Bets on electric vehicles light up lithium miners and battery makers

Investors bet that the rise of electric motors will promote a period of rapid growth for lithium miners and battery manufacturers.

The Solactive Global Lithium Index, which includes the shares of battery makers, rose 32 percent this year to a record high, driven by profits for Chinese companies Ganfeng Lithium and Catlus.

Sales of electric cars have risen in Europe and China this year, raising the outlook for the battery industry. The world’s largest car manufacturers have promised to spend billions on developing new models. Meanwhile, the EU said last week that it might ban petrol and diesel cars by 2035.

Volkswagen, the world’s largest carmaker, said sales of electric cars were increased by 165 percent in the first half of the year; The Chinese BYD reported a 154 percent increase.

Prices for lithium carbonate, a key material for electric car batteries, have nearly doubled in recent years, according to Benchmark Mineral Intelligence.

“We believe that a transforming bull market for specialty metals is underway as the green revolution fits in and the ‘green recovery’ of the Covid-19 crisis provides the stimulus and regulation of the sector,” said Baker Steel fund managers . Capital managers.

Shares in Ganfeng Lithium, China’s largest producer of battery material, rose 98 percent this year, giving the company a value of $ 42 billion, making it the largest listed world. lithium mines. The Xinyu-based company was highly available and this year is investing in lithium assets in Mali, Mexico, China and Argentina.

Shares in CATL, the world’s largest battery maker, rose nearly 38 percent this year, increasing their market value to $ 200 billion – $ 50 billion more than VW.

‘If you look at all the expansion plans for the battery manufacturer and OEMs [carmakers] you have to be prepared, ”he said Wang Xiaoshen, Ganfeng’s CEO, in an interview with the Financial Times. “The world needs all kinds of lithium sources.”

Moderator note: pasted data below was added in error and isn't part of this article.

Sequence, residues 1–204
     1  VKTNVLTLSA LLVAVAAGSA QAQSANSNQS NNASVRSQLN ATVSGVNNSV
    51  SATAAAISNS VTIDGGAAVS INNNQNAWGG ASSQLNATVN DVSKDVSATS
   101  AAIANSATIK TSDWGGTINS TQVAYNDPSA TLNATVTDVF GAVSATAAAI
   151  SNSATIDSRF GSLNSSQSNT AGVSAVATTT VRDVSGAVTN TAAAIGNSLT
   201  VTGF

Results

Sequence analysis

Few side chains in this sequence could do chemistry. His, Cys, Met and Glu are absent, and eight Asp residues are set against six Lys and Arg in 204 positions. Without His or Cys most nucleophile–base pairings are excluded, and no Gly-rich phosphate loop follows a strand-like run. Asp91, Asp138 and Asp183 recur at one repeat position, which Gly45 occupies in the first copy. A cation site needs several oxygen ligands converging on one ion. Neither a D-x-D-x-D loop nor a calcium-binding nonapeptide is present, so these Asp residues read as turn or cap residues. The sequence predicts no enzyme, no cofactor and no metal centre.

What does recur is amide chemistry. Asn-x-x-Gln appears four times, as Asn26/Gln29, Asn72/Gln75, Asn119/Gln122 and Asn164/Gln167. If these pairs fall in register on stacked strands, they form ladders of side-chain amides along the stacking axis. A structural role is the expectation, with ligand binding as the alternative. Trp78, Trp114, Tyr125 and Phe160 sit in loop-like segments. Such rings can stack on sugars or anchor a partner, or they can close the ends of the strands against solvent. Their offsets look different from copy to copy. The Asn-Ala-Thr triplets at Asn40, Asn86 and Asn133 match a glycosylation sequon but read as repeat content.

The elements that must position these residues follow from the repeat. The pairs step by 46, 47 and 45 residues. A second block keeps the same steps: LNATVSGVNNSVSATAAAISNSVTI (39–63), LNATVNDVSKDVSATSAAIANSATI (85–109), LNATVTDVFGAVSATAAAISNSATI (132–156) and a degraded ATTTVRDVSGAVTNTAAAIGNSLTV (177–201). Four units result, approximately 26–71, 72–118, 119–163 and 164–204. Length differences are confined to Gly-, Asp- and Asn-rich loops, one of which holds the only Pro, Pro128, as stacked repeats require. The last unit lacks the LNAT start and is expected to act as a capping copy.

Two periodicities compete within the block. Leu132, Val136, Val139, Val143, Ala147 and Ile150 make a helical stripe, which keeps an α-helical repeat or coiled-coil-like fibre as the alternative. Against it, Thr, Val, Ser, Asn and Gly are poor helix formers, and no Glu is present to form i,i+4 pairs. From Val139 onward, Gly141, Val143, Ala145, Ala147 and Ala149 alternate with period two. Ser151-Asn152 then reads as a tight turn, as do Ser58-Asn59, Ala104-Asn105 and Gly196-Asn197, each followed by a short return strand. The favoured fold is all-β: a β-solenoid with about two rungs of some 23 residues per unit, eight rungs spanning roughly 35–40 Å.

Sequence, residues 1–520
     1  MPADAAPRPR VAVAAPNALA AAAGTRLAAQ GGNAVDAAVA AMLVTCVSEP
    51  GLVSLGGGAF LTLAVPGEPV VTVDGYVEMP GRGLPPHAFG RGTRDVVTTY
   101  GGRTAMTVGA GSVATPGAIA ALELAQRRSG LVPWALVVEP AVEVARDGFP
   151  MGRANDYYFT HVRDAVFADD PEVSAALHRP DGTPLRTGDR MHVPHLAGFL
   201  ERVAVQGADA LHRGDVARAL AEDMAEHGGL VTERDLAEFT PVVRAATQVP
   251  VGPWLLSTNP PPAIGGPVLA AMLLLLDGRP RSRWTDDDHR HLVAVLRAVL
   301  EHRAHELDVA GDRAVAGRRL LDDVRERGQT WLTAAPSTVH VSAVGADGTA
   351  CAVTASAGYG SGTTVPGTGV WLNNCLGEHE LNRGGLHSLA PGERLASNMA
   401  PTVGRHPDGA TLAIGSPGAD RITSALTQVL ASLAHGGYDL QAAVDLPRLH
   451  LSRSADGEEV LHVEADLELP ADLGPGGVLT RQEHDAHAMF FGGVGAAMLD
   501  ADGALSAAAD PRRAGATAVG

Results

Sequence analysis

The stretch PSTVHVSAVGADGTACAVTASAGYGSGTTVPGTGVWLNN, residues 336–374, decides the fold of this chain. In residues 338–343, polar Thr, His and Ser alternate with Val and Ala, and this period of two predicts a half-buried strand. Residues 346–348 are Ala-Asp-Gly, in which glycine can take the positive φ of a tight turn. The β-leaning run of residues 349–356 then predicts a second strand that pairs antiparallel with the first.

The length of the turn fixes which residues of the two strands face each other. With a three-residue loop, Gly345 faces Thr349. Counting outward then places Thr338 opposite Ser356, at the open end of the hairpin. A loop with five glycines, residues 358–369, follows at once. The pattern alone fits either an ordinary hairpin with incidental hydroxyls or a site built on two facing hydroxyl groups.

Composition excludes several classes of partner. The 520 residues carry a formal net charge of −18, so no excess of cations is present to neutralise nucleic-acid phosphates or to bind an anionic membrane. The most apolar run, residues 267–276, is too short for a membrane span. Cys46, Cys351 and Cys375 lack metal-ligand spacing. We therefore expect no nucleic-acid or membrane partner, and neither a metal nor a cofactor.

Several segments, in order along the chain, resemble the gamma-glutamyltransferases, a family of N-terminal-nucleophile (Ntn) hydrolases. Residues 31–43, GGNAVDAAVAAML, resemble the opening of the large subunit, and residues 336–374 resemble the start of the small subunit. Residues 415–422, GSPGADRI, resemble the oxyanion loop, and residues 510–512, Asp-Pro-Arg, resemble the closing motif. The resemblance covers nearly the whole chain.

Wang said the lithium market over the next few years runs the risk of demand lagging behind, as the new mining projects could experience delays. This could limit car manufacturers’ ability to achieve their ambitious targets for EVs.

‘It looks like it [the market] can be balanced, but if it is balanced, it will have a very close balance, ”he said.

The enthusiasm of investors for batteries has led to a number of start-ups of battery technology being listed on the stock exchange through reverse mergers with special acquisition vehicles, known as SPACs.

SES, based in Singapore, which is developing a more powerful lithium metal battery, said would list on the New York shares exchange via a combination with Ivanhoe Capital Acquisition Corp.

However, rising raw material prices will lead to higher production costs for lithium-ion batteries, making electric motors and energy storage more expensive.

Steven Meersman, co-founder of UK battery startup Zenobe Energy, said higher battery prices are causing some people to delay energy storage projects, which use large lithium-ion batteries to store energy for electricity networks.

“Battery prices are going up a lot,” he said. ‘There is currently a perfect storm happening in shipping, which is becoming more expensive and commodities. . . the supply chain wakes up from its slumber to Covid. ”

The higher prices have provided an incentive to reuse old lithium-ion batteries that have lost some capacity but can still be used in energy storage applications, he said.

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